19. ^ Knox, David (11 October 2021). "Hey Hey anniversary tops Sunday with 1.2m viewers". TV Tonight. Retrieved 11 October 2021.
  20. ^ Cadd, Brian (2010). From This Side of Things. Australia. pp. 207–08. ISBN 978-1-74257-057-0. Archived from the original on 31 December 2012.
  21. ^ "Daryl Somers – Songlines CD". CD Universe.
  22. ^ Gonged But Not Forgotten promo Channel 9 1999 Red Faces, retrieved 28 February 2022
  23. ^ "Australian Honours Search Facility". honours.pmc.gov.au. Australian Government: Department of the Prime Minister and Cabinet. Retrieved 22 August 2021.
  24. ^ Manning, James (19 January 2018). "New Australia Post stamps feature Ding Dong, KAK, Ray Martin, Daryl Somers and Bert". Mediaweek.
  25. ^ "MO Award Winners". Mo Awards. Retrieved 16 March 2022.
  26. ^ "Hey Hey it's Harvest Rain's first professional season". The Sydney Morning Herald. 19 November 2013.
  27. ^ a b Brown, Ruth (8 October 2009). "The world sees red over Hey Hey's blackface". Crikey. Private Media. Retrieved 31 July 2010.
  28. ^ Enker, Debi (8 April 2010). "Hey Hey, it's divisive". The Age. Melbourne: Fairfax Media. Retrieved 31 July 2010.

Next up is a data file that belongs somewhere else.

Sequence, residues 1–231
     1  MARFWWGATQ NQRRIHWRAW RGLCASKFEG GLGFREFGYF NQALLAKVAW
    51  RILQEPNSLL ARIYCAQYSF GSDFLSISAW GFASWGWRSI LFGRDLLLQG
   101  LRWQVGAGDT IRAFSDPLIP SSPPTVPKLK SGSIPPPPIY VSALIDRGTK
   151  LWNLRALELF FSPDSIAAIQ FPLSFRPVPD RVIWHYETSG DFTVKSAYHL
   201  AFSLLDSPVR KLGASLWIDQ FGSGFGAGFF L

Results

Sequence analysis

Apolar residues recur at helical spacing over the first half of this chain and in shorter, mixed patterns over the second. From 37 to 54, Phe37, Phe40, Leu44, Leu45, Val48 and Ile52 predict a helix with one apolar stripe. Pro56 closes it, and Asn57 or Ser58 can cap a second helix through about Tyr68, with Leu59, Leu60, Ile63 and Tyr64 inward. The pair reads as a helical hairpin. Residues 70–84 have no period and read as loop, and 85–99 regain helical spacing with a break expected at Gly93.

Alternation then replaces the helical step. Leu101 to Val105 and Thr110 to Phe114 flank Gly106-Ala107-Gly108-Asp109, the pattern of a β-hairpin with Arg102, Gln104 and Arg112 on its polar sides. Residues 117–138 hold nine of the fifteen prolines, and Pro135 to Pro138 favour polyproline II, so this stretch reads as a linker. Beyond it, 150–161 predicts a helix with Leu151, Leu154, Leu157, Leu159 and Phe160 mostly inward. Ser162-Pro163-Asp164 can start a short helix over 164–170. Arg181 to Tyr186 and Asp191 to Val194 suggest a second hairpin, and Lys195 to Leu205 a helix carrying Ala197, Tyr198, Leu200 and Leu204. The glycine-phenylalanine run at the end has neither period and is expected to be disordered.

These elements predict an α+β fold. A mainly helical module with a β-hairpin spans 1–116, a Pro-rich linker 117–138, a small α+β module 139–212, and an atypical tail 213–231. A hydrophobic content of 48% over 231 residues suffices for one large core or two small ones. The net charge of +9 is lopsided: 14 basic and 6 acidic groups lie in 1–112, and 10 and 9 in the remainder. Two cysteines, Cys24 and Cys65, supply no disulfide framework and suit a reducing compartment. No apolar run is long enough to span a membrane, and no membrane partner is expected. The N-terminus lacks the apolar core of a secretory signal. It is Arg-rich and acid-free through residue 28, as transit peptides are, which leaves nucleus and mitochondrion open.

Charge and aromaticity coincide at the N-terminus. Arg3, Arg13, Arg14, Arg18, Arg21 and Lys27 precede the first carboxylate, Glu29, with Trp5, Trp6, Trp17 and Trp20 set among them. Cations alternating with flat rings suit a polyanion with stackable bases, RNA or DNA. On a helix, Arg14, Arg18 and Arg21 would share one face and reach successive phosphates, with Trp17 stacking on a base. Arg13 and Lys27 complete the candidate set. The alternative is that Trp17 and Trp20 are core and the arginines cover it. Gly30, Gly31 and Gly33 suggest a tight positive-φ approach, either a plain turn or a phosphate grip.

29. ^ a b "Hey Hey It's Saturday Is Getting *Another* Reboot, So Has The Show Learned Nothing?". Pedestrian.tv. 7 August 2021. Retrieved 11 August 2021.
  30. ^ "Kamahl responds to Hey Hey it's Saturday star's comment he should move on from racist 'humiliation'". the Guardian. 29 March 2021. Retrieved 28 February 2022.
  31. ^ Black, Sophie (8 October 2009). "Hey Hey misguided patriotism's back". The Stump. Private Media. Retrieved 31 July 2010.
  32. ^ Ricky May tribute package, 1988, retrieved 28 February 2022
  33. ^ Bucklow, Andrew (15 June 2020). "Daryl Somers blackface video resurfaces". news.com.au — Australia’s leading news site. Retrieved 28 February 2022.
  34. ^ "Malaysian-Australian star, Kamahl, said while he was "humiliated" by his treatment on 'Hey Hey It's Saturday', he's been humbled by the support he's received from fans in the past week". The Feed. Retrieved 11 August 2021.
  35. ^ "Daryl Somers apologises to Kamahl after controversy over racism". The Feed. Retrieved 11 August 2021.
  36. ^ "Daryl Somers apologises to Kamahl after controversy over racism". SBS News. Retrieved 28 February 2022.

External linksEdit

Awards and achievements
Preceded by Gold Logie Award
Most Popular Personality on Australian Television

for Hey Hey It's Saturday and Blankety Blanks
Succeeded by
Preceded by Gold Logie Award
Most Popular Personality on Australian Television

for Hey Hey It's Saturday
Succeeded by